The European Commission on Wednesday banned bluefin tuna fishing in the eastern Atlantic and the Mediterranean for the rest of the year because of over-fishing and dwindling stocks.
The decision was taken after information from member states on their catches showed that the 2007 quota of 16,779.5 tonnes had been exhausted, the EU's executive arm said in a statement.
"The commission must therefore close the whole EU fishery," it said.
The ban concerns Cyprus, Greece, Malta, Portugal and Spain. The other two member states involved, Italy and France, closed their own fisheries in July and August respectively.
"Clearly there are problems both of over-fishing a stock already threatened with collapse and of equity between the member states concerned," said European Fisheries Commissioner Joe Borg.
"As is its duty, the commission will do all it can to address these issues urgently," he added.
Environmentalists have warned that tuna face eventual extinction if fishing continues at current rates, boosted by a worldwide fad for Japanese food such as sushi.
Tuna fishing is also an increasingly lucrative industry, particularly for developing economies that export to Japan, which consumes a quarter of the world's tuna.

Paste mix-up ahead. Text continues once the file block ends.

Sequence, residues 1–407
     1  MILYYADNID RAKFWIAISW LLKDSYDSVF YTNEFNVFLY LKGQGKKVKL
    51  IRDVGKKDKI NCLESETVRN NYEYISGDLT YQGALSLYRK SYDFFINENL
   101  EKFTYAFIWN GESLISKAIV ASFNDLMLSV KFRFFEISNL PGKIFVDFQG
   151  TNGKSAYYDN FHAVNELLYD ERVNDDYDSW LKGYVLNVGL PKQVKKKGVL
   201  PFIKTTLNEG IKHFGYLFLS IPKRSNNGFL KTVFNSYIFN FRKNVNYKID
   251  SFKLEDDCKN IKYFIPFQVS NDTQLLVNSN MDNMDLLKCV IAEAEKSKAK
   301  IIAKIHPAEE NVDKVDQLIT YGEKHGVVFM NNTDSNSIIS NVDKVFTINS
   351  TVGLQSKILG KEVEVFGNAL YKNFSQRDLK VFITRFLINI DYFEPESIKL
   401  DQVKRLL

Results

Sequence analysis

Scientific research released in France earlier this month showed that 50,000 tonnes of the fish were being pulled out of Mediterranean waters annually, far outstripping the 15,000-16,000 natural replacement rate.
The commission also noted failings in the reporting of catches, saying it intends to "take measures against such failings".
The EU quota of 16,779.5 tonnes was allocated by The International Commission for the Conservation of Atlantic Tunas (ICCAT) at a meeting in Tokyo in January and divided between the member states concerned using an agreed method.
Any member states which have not yet caught their quota could be compensated "in subsequent years" while countries that overfished faced penalties under EU and ICCAT rules.
The commission said it would increase surprise visits by its own inspectors to landing ports and farms, in a bid to tackle over-fishing.
A high priority will also be placed on the ICCAT scheme for joint international inspections at sea. Importing countries, in particular Japan, will be asked to refuse imports which are not shown to comply fully with ICCAT rules, the commission said.
The eastern stock of bluefin tuna, a highly migratory species, has been over fished for many years and scientists have repeatedly warned of the danger of collapse if nothing is done to dramatically reduce fishing levels.
French Green MEP Marie Helene Aubert, who sits on the European Parliament's fisheries committee, warned that the cCommission's move could be too little, too late.
"Repeated imposition of excessive quotas for Bluefin, coupled with illegal and unregulated fishing, have led to the dire situation of the Eastern bluefin stock," she said in a statement.
"The EU must keep the ban agreed today in place indefinitely until independent scientific evidence demonstrates that sustainable fishing is possible."
Last Mod: 19 Eylül 2007, 17:43